The defendant in Robinson was arrested for driving a motor vehicle after his driver's license had been revoked. In Gustafson the defendant was arrested for failure to have his operator's license in his possession. In both cases, contraband was found during full field searches incident to the arrests.
Our bases for rejecting the Robinson/Gustafson rule were stated in Brisendine. They included both a differing interpretation from that of the United States Supreme Court of the "legitimate concern of police officers in insuring that the suspect is unarmed" and our reaffirmation of the state's power to impose a higher constitutional standard for searches and seizures based upon the California Constitution. ( People v. Brisendine, supra, 13 Cal.3d 528, 548-552; see also Cooper v. California (1967) 386 U.S. 58, 62 [17 L.Ed.2d 730, 734, 87 S.Ct. 788]; Jankovich v. Toll Road Comm'n. (1965) 379 U.S. 487, 491-492 [13 L.Ed.2d 439, 442-443, 85 S.Ct. 493]; People v. Martin (1955) 45 Cal.2d 755, 759-761 [ 290 P.2d 855]; Kaplan v. Superior Court (1971) 6 Cal.3d 150, 155 [ 98 Cal.Rptr. 649, 491 P.2d 1].)
(4) We adhere to the Brisendine rationale and decline to depart from our holding that upon an arrest for a violation of the Vehicle Code made pursuant to section 40302 or 40303, the permissible scope of a weapons search extends to a pat-down of the arrestee, a search of the vehicle, or a search of objects in the arrestee's possession only where there is probable cause to believe such weapons may be found therein. Furthermore, a pat-down search of the arrestee for weapons is always permissible if he is to be transported in a patrol car.
The people of this sovereign state have directed that we give a meaning to constitutionally guaranteed rights which is independent of limits fixed by the United States Supreme Court as applicable to parallel rights guaranteed by the United States Constitution. Article I, section 24 of the California Constitution thus declares that "Rights guaranteed by this Constitution are not dependent upon those guaranteed by the United States Constitution." Such declaration of constitutional independence was adopted by the voters at the November 1974 election as a reaffirmation of existing law. (See People v. Brisendine, supra, 13 Cal.3d 528, 551.) The opinion of the Court of Appeal in this case, now a nullity but nevertheless quoted from at length in the dissenting opinion, was rendered some nine months prior to the adoption of the direction embodied in article I, section 24 requiring us to give independent meaning to our constitutionally guaranteed rights.
As we have concluded the custody in the instant case could only have been for a violation of Vehicle Code section 2800 (see Veh. Code, § 40303, subdivision (i)), and there was no evidence providing probable cause to believe the tobacco pouch searched by the officers contained a weapon, the seizure of such was unlawful and the evidence could not be received over defendant's objection. Because there is no competent evidence sufficient to hold defendant to answer for the crimes charged he was committed without probable cause. (Pen. Code, § 995.)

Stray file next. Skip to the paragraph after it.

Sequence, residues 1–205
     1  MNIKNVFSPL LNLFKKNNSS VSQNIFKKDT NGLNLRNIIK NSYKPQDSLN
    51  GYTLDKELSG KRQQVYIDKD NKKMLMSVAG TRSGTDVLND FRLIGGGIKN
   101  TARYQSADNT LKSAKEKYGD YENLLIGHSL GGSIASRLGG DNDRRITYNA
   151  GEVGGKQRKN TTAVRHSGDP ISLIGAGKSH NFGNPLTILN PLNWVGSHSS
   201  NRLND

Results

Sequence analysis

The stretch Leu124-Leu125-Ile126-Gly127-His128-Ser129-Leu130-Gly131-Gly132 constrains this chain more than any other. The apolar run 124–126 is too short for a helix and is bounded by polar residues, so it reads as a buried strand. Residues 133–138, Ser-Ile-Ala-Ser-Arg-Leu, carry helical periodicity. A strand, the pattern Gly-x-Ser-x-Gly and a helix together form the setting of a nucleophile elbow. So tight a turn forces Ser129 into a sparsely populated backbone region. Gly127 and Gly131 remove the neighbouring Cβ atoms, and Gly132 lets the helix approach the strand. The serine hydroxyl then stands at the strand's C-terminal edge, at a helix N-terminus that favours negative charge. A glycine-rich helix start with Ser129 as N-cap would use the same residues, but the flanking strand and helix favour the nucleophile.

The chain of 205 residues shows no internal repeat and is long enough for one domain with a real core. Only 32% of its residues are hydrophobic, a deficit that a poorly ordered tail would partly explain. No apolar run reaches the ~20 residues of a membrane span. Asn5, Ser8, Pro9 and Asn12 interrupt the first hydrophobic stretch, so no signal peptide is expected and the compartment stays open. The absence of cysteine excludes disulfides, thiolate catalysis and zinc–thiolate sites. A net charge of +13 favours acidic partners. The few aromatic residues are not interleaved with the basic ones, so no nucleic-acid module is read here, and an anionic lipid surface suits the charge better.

The order is affirmed.
Tobriner, J., Mosk, J., and Sullivan, J., concurred.
I concur in the judgment. Although the case is quite close, on balance I agree that defendant's conduct did not furnish probable cause to believe that the object discarded by defendant contained contraband. I do not agree, however, with the majority's reaffirmation of its holding in People v. Brisendine (1975) 13 Cal.3d 528, 548-552 [ 119 Cal.Rptr. 315, 531 P.2d 1099] to the effect that article I, section 13, of our state Constitution, which is essentially identical in wording with the Fourth Amendment of the federal Constitution, imposes a different and higher standard of reasonableness than that enunciated by the United States Supreme Court with respect to the Fourth Amendment ( United States v. Robinson (1973) 414 U.S. 218 [38 L.Ed.2d 427, 94 S.Ct. 467]; Gustafson v. Florida (1973) 414 U.S. 260 [38 L.Ed.2d 456, 94 S.Ct. 488]). For reasons well stated by Justice Burke in the Brisendine dissent, those decisions by the United States Supreme Court are highly persuasive as to the standard of reasonableness imposed by article I, section 13, and should be followed.
I dissent. I would uphold the search under United States v. Robinson (1973) 414 U.S. 218 [38 L.Ed.2d 427, 94 S.Ct. 467] and Gustafson v. Florida (1973) 414 U.S. 260 [38 L.Ed.2d 456, 94 S.Ct. 488], for the reasons so well expressed by Justice Thompson for the Court of Appeal in this case. The pertinent portion of his incisive opinion, otherwise lost by our having granted hearing, is set forth below.
Previewing this dissent, the majority notes that Justice Thompson's opinion is "now a nullity." ( Ante, p. 939, fn. 10) True, by granting hearing, this court nullified the opinion as judgment or authority. ( Ponce v. Marr (1956) 47 Cal.2d 159. 161 [ 301 P.2d 837].) However, its persuasive appeal in a divided field of current legal concern is undiminished. (A bare majority voted to grant and transfer this cause to this court, McComb, Burke, and Clark, JJ., voting to deny; see concurring opinion of Richardson, J., ante.) Further, the practice of adopting the opinion below as a dissent is well-established in our court. (See. e.g., Crockett v. Superior Court (1975) 14 Cal.3d 433, 442-447 [ 121 Cal.Rptr. 457, 535 P.2d 321] (Mosk. J., dissenting).) Indeed, a nullified opinion is sometimes resurrected by the majority. (See People v. Reyes (1974) 12 Cal.3d 486, 500-507 [ 116 Cal.Rptr. 217, 526 P.2d 225].)